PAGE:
Oct. 22, 2018

Oct. 22, 2018

Creighton University President, the Rev. Daniel Hendrickson, SJ

In May, I announced the formation of the Kingfisher Institute for the Liberal Arts and Professions. A product of the strategic plan and the collaborative efforts of individuals from across our campus, the Kingfisher Institute will enact a new vision for the liberal arts and professions that emphasizes their complementarity. I am pleased to share the next step in the establishment of the institute with you today.  

I have appointed Tracy Neal Leavelle, PhD, Associate Dean for Humanities and Fine Arts and Associate Professor of History in the College of Arts and Sciences, the inaugural director of the Kingfisher Institute. During Dr. Leavelle’s 15 years at Creighton, he has served as chair of the Department of History, first director of the Creighton Digital Humanities Initiative, and president of the College of Arts and Sciences Faculty Senate. An active scholar, he has published widely on the intersection of religion and colonialism in the history of North America. He is currently writing a book about how the evangelical labors and scientific pursuits of American missionaries in the 19th century created a foundation for the emergence of American expansion in the Pacific.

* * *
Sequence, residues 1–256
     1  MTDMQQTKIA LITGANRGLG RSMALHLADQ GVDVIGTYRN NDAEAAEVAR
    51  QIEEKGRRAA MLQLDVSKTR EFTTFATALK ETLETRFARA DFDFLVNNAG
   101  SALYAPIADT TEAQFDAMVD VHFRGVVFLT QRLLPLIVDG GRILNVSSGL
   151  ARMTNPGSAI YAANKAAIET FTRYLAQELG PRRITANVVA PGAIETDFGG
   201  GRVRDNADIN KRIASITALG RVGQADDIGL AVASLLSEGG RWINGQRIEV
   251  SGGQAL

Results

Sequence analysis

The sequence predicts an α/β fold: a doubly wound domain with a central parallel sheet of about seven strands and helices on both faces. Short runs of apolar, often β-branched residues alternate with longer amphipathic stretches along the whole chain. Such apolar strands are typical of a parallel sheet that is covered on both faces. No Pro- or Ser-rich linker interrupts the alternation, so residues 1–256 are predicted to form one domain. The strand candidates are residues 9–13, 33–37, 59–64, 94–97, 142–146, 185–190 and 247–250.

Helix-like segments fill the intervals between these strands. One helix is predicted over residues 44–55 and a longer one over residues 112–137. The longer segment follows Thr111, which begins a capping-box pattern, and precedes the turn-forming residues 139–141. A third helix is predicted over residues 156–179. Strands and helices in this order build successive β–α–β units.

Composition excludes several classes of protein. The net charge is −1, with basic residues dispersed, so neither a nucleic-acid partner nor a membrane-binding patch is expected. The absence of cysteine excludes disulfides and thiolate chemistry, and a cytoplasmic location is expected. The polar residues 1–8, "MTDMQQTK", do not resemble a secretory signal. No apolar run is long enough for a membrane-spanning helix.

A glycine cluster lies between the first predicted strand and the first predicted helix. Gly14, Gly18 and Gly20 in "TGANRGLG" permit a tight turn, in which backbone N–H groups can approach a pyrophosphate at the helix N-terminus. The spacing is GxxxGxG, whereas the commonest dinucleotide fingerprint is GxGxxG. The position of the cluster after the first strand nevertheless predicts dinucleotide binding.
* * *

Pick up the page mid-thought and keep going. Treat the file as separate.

Through the formation of faculty and staff, the Kingfisher Institute aims to influence every student, in all of Creighton’s schools and colleges. It will be instrumental in developing and articulating what makes a Creighton graduate distinctive – unifying heart, hands, and mind.

In his new role, Dr. Leavelle will actively seek to identify and support projects in curriculum development and interdisciplinary research that promote inclusive excellence. The institute will encourage us all to emerge from our own academic specialties to engage one another in creative new initiatives that will unite, in the best Jesuit tradition, the contemplative features of the liberal arts with the emphasis on practice in the professions.

Although the Kingfisher Institute will be formally established in January, activities surrounding the first two themes – “Narratives of Health and Illness” and “Race in America, 1919-2019”— have started and are ongoing. I encourage you to get involved and support the activities of this important new initiative. 


Rev. Daniel S. Hendrickson, SJ